Pajammy Party

Pillow fights, secrets, s'mores and scary stories. Sleeping bag not required.


A few days ago, I helped write the script for a surprise birthday video, one that will show a day in the life of a special dad.

He is a kind man, the kind of man people run to for help, the kind of man who worked his ass off to secure the future of his children and his children’s grandchildren.

I was surprised by how easy it was for me to write the script, considering this man isn’t my father.

If I had to write about a day in my father’s life, it would not have been as easy. I have no idea what he does every day.

All I know is he now lives in a province rumored to be rife with ghosts or aswangs or evil creatures. And that he works in construction. Whether he’s still a contractor or working as a civil engineer, I’m not sure. I don’t know what he eats for dinner. I don’t know where he goes after work. I don’t know who he spends his time with. I don’t know what he does for fun.

All I know is that he’s very busy. At least according to my grandmother. Because when my brother and I were doing extremely late Christmas shopping (December 24, how crazy is that?) and all the other stores were closed, we ended up at a bookstore in an attempt to find a gift for our father.

I called my grandma. “What books does he like to read?”

No books, she said. He’s too busy. Too busy to read.

Too busy to read? Seriously? I’m busy but I always manage to find time to read. Surely my father can too. He poops, doesn’t he? But I didn’t say that.

Luckily, my brother and I found another store that was still open. We bought him a wallet and cologne.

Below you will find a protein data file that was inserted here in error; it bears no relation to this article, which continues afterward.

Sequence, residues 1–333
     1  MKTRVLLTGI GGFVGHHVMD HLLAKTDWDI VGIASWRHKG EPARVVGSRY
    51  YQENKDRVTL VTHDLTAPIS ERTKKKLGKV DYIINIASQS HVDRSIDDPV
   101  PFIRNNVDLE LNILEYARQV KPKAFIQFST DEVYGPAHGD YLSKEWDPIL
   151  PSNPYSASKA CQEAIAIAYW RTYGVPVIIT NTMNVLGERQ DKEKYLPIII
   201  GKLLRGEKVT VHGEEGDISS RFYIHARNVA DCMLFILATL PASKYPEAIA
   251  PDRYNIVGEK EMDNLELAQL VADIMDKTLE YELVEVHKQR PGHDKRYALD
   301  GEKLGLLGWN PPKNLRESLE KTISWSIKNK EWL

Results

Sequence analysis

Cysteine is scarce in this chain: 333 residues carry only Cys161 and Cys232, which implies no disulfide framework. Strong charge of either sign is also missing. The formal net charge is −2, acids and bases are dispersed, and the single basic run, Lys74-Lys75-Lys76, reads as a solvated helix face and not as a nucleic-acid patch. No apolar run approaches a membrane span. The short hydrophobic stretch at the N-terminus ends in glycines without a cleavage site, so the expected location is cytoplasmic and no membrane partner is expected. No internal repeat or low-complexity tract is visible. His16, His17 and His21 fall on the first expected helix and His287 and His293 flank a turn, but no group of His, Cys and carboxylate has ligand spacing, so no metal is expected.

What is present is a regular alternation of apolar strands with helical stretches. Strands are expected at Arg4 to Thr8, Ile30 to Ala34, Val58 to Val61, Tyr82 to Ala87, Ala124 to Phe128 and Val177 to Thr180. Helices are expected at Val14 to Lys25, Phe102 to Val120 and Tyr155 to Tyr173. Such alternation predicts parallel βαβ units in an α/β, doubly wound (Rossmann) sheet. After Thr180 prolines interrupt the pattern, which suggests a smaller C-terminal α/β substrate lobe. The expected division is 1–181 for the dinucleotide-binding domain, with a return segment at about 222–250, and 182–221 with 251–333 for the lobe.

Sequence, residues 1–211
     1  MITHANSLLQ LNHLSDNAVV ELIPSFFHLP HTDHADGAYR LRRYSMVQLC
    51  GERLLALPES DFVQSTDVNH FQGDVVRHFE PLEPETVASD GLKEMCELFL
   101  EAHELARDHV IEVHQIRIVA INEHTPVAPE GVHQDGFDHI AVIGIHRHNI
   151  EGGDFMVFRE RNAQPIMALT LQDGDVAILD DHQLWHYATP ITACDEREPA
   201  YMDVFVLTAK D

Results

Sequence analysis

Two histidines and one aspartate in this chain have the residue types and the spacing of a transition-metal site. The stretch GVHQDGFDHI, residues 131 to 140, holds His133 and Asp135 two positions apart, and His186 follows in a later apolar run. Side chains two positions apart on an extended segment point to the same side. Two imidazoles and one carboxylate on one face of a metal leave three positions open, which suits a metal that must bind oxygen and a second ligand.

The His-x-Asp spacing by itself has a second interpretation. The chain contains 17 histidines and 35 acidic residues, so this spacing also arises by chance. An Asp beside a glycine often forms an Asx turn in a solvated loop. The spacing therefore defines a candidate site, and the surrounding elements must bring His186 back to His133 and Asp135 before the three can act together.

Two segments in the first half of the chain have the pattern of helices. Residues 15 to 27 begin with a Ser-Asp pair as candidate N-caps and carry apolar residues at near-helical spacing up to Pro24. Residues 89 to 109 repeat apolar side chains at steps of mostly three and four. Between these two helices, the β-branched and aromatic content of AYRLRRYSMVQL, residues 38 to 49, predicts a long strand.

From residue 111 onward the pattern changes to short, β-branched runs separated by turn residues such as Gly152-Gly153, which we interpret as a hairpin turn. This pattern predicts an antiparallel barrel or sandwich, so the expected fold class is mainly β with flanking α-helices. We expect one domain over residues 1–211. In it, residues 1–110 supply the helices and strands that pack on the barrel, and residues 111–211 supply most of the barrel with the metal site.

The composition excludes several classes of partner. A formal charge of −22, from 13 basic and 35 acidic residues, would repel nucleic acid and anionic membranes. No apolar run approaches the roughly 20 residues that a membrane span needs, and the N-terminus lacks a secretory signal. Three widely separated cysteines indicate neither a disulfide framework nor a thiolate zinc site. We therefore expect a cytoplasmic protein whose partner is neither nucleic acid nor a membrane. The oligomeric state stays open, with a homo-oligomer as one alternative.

He was in the city for the holidays so we saw him on Christmas, when we went to grandma’s house for lunch. He opened his gifts and loved the wallet. “How did you know I needed a new wallet?”

No, father, we didn’t know.

We stayed for a little while, just sitting around, talking while he ate the chocolates I brought for my grandma.

Then, we said our goodbyes. I haven’t seen him since Christmas.

My grandma says I should have lunch with him the next time he comes to the city.

That’s who my father has become – a man I occasionally have lunch with.

I’m not complaining and I’m feeling no bitterness (except maybe about the house we had to give up) – I’m just telling it like it is.

The truth is, I like my father, I love my father, despite his many flaws. He’s hilarious, he’s generous when capable, he can be a lot of fun. I am not the perfect daughter – far from it – but I think that in his own way, he loves me too.

But he won’t be my first phone call if I were thrown in jail. I leave the country – have left the country countless times – without him knowing. I can make big decisions without consulting him. He’s not and probably won’t ever be my “person to call in case of an emergency.”

Once upon a time, I can’t remember when or where, in some book or in some movie, someone described her father as someone who is “more of an uncle.”

I guess that’s how I feel too.


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2 thoughts on “Disconnected

  1. johnnydu on said:

    at one point, my dad would only text me or visit me when he needed something – up to the point that whenever i saw him, the first thing that popped into my head was ‘how much is he going to ask for now?’

    he may have his reasons for burying himself in his work, and they might not be different from the reasons why we bury ourselves in ours, even if what we do in live is vastly different from one another.

    one funny anecdote about my dad though – he was the first person who informed me of michael jackson’s death. i don’t know why he did that, but to this day, thinking of it still brings a smile as it was one of those moments where he reached out to me not needing anything from me

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